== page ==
Aristotle created the model for tragedies and comedies, archetypes that are still respected today. Both have simple layouts that have been repeated in modern times, in cinema, theater and literature.
A tragedy's plot consists of a serious action that stirs up feelings of pity and fear. A comedy's plot focuses on an ordinary problem that regular people face. Comedies aren't necessarily funny; they're stories of worthy people who succeed.
A tragedy's central characters are nobles. The main character is the tragic hero. A comedy's main character is the comic hero, who has average morals. Comic heroes are generally ignoble.
Tragedies often occur on a battlefield or in the great hall of a palace. A comedy occurs in an ordinary room, like a bathroom.
Tragedies have episodes that provoke feelings of disappointment and fear. Due to the tragic hero's ego and tragic flaw, along with an error, he will encounter a semi-undeserved tragic fall. The charismatic comic hero will prosper and his innate nobility will be shown by way of tests of character.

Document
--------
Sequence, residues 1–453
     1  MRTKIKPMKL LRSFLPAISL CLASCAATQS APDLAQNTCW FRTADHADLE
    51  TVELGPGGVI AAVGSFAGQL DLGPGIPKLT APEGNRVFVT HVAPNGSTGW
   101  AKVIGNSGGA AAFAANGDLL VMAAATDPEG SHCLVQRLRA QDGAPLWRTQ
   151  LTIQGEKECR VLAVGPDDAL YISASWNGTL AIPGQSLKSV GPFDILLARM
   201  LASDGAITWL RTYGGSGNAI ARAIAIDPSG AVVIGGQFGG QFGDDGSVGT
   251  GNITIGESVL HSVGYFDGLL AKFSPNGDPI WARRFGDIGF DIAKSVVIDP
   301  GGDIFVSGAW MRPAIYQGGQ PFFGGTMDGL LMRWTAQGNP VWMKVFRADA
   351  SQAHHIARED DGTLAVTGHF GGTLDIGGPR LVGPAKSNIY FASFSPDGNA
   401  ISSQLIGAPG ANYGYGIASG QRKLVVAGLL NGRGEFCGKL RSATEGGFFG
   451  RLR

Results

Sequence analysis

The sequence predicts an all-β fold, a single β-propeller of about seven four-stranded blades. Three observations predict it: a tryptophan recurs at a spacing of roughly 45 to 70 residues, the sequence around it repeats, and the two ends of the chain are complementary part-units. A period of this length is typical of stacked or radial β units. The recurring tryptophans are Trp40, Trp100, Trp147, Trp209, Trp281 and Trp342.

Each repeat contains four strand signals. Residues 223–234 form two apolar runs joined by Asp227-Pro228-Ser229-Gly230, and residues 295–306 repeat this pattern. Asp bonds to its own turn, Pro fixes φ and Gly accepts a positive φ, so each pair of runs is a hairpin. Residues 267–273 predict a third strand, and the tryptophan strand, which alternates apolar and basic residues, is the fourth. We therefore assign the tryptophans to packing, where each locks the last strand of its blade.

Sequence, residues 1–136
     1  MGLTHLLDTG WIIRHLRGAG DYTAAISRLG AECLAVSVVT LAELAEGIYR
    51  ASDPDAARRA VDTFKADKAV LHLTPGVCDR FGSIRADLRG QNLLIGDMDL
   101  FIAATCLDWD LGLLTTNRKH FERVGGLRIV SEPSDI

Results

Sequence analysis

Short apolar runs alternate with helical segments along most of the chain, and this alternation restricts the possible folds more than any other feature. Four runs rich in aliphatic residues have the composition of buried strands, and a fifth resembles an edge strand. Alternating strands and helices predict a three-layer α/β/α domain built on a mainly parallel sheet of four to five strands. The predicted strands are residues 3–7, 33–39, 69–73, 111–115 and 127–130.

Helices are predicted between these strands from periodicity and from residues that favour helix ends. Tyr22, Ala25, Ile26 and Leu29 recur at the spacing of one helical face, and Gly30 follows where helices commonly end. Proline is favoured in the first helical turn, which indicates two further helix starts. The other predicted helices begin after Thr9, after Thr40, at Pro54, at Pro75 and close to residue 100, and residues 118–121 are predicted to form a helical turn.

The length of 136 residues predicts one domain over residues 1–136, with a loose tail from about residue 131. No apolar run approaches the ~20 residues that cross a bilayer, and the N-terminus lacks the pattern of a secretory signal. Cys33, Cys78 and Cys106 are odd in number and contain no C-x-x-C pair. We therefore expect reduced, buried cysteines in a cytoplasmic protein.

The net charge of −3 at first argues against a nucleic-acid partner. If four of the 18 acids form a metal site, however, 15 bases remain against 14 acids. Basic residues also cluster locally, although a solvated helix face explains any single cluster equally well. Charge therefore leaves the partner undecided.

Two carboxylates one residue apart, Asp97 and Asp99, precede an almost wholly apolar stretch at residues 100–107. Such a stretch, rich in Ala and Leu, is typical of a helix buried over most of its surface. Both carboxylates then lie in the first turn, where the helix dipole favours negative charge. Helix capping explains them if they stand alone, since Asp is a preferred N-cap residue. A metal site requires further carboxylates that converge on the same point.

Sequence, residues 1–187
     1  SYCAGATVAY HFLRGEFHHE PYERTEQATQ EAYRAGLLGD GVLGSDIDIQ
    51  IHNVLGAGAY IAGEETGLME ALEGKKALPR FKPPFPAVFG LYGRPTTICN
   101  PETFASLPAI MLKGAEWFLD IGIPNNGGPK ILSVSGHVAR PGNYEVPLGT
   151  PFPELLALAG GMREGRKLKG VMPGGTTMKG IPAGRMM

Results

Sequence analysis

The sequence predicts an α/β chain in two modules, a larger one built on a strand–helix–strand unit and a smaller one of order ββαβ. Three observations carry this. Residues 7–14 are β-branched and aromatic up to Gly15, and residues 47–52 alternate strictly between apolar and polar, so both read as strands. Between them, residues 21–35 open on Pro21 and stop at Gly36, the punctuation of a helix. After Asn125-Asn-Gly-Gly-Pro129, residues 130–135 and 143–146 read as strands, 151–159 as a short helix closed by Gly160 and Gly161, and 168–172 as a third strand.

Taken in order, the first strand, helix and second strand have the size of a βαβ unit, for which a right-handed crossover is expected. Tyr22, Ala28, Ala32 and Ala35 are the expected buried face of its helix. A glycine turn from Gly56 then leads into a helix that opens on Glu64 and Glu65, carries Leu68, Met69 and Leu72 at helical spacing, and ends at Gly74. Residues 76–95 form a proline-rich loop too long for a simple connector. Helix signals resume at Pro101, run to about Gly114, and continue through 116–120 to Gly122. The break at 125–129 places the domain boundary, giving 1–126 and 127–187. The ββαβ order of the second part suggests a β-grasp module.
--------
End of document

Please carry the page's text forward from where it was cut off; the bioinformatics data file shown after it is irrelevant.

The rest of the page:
Since the tragic hero's fall is not entirely deserved, the audience will still admire the hero. The hero will learn from his fall and, along with the audience, experience a catharsis. While the comic hero will not have high morals, he will have enough magnetism to win the audience over.
As a full-time writer in New York's Hudson Valley, Lindsay Pietroluongo's nightlife column and photos have appeared regularly in the "Poughkeepsie Journal" since 2007. Additional publications include "Chronogram," the "New Paltz Sojourn," "About Town" newspaper and "Outsider" magazine. Pietroluongo graduated from Marist College with a B.A. in English.